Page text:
Example: A 0.1 M solution of hydrochloric acid has a pH value of 1.00, while a 0.1 M solution of ethanoic acid has a pH value of 2.87

Comparison of the two pH values shows us that the hydrochloric acid is completely dissociated into ions whereas the ethanoic acid is only partially dissociated into ions


Neutralisation enthalpy

Any strong acid will release approximately - 57 kJ/mol of energy on neutralisation with strong base.

This energy release is due to the formation of water molecules from the H+ ions from the acid reacting with the OH- ions from the base.

H+(aq) + OH-(aq) --> H2O(l)

When a weak acid is neutralised some of the energy is needed to dissociate the molecules to make the hydrogen ions available for neutralisation. The result is a value for neutralisation enthalpy lower than - 57 kJ/mol (numerically lower, not more negative!)

Note that as the weak acid is in equilibrium as the hydrogen ions are 'mopped up' by the base the equilibrium shifts to the right hand side to make more until eventually all of the acid is able to react. This does, however, absorb energy as bonds are being broken to dissociate the weak acid.

CH3COOH H+(aq) + CH3COO-(aq)
approx 99%   approx 1%

Conductivity

Any solution's ability to conduct electricity is conditioned by the concentration of ions it contains. A strong acid has more ions than a weak one, and so it's solution will be a better electrical conductor than a weak acid. The same goes for strong/weak bases.

The conductivity may be measured using a power pack and two graphite electrodes connected to an ammeter. The apparatus is assembled and current values measured for a given voltage setting. The strong acids pass more current than the weak acids for the same voltage.

Strong acids : HCl, HNO3, H2SO4. - good conductors - large value for current passing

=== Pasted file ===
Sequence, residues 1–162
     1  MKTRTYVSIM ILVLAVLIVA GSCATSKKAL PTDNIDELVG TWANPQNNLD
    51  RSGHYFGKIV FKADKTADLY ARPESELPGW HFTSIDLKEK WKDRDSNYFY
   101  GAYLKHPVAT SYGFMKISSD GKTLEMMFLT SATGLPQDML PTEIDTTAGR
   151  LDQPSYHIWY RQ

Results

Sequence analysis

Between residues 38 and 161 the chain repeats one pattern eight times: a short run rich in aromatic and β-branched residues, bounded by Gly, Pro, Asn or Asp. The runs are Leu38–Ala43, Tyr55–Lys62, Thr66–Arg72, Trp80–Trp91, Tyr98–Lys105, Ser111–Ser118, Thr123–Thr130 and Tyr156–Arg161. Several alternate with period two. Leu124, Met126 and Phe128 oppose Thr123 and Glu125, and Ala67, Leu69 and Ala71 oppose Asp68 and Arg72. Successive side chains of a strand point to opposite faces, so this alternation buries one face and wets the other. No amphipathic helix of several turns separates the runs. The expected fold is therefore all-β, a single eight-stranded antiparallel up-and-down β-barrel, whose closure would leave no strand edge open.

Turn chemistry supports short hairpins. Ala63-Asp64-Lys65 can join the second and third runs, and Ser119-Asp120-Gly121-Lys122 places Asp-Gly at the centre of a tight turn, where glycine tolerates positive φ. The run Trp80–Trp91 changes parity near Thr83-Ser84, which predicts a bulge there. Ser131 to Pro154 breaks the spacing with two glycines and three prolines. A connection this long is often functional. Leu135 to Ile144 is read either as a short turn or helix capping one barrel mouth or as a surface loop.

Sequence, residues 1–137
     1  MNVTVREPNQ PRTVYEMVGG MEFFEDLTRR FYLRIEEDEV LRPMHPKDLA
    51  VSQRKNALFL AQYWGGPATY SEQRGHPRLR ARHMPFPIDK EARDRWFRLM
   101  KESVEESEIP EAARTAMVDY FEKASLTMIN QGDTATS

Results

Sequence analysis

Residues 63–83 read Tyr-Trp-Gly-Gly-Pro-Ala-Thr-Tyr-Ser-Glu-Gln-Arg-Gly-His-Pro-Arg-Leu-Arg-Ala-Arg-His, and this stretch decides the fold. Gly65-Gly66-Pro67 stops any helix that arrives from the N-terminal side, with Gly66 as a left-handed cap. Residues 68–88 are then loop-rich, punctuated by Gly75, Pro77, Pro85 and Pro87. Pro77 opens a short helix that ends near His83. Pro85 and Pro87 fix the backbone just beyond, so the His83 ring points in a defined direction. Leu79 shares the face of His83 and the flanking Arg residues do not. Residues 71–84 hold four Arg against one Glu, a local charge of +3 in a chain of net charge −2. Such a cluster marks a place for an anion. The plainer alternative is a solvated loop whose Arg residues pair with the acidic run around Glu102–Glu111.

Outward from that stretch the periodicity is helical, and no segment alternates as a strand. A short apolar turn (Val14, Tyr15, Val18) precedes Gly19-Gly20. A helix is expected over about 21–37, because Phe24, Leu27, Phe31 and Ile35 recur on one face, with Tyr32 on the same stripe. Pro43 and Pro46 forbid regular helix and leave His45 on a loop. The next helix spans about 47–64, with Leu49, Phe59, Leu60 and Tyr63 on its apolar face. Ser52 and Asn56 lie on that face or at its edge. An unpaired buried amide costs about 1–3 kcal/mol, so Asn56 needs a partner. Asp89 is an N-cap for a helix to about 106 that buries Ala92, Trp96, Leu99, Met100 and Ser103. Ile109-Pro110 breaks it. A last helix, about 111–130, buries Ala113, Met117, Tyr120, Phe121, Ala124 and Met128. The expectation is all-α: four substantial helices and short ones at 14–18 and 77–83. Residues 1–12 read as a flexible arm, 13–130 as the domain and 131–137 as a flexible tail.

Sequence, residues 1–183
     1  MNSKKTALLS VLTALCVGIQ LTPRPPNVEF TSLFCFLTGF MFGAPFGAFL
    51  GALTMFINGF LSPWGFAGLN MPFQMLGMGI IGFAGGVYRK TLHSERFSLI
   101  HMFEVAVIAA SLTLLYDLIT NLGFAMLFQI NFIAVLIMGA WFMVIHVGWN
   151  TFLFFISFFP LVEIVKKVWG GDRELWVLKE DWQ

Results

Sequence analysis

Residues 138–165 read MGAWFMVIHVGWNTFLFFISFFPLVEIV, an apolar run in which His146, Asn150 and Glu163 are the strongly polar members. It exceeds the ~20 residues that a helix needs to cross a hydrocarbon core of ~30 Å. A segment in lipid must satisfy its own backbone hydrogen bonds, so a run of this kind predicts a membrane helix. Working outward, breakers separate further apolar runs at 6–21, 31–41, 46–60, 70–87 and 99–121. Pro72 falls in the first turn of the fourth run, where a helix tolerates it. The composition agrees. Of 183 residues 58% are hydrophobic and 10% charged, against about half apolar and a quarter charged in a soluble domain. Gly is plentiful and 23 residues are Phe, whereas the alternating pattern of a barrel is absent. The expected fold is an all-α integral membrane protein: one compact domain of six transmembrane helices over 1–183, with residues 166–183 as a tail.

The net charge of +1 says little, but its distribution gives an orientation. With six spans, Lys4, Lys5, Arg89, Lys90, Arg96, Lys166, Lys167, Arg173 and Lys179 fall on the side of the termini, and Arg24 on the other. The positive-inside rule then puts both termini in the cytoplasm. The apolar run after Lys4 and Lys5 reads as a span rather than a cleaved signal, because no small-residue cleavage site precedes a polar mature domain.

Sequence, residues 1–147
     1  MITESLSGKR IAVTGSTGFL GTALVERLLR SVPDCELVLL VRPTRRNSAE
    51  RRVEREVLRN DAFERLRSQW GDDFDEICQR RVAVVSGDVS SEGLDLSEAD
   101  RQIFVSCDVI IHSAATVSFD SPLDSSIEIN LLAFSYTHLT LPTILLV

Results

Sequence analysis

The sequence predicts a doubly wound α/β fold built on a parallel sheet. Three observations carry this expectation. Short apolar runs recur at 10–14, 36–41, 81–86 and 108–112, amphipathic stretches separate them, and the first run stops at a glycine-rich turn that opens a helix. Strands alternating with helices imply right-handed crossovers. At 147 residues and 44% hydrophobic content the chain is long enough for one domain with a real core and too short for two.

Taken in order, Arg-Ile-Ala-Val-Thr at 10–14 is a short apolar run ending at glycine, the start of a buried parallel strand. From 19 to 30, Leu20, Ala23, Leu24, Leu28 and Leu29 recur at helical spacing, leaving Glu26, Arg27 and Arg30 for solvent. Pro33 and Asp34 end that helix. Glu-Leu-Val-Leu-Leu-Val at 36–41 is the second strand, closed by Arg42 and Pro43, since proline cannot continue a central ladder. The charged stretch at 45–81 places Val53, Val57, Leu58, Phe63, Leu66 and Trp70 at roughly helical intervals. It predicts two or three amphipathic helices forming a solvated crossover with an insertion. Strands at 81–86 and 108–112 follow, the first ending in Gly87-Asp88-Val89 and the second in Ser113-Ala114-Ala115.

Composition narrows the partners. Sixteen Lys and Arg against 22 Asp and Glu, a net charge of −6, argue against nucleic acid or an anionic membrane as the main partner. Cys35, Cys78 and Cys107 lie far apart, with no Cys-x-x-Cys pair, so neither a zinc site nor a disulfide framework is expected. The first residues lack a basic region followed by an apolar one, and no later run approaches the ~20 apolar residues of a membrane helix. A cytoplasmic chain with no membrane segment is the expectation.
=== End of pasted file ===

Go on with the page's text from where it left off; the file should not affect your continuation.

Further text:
Weak acids : CH3COOH, H2CO3. - poor conductors - low value for current passing

Strong bases : group 1 hydroxides (ie NaOH etc), or lower group 2 hydroxides Ba(OH)2. - good conductors

Weak bases : NH3, CH3CH2NH2. - poor conductors

Reaction rates

Similarly, the rate of reaction will reveal the strength of an acid. The rate of a chemical reaction is usually proportional to the concentration of the reactants.

As it is the hydrogen ions that are reacting the concentration of these ions at any one time will be less for a weak acid of the same concentration than for a strong acid.

Example: The reaction between magnesium metal and 0.1 M acids (ethanoic acid and hydrochloric acid)

The hydrochloric acid had a hydrogen ion concentration of 0.1 mol/litre. These hydrogen ions can react directly with the magnesium producing hydrogen gas. There will be collisions between the magnesium atoms and the hydrogen ions.

The ethanoic acid has fewer free hydrogen ions in the solution. It has a hydrogen ion concentration of 0.0013 mol/litre consequently there will be fewer collisions between hydrogen ions and magnesium atoms and hence the reaction will be slower.

Experimentally both reaction rates can be determined by measuring the volume of gas released against time and plotting a graph. The slope of the graph will give the reaction rate at that time. (see rates of reaction)

Teacher- Resources

Powerpoint: The pH scale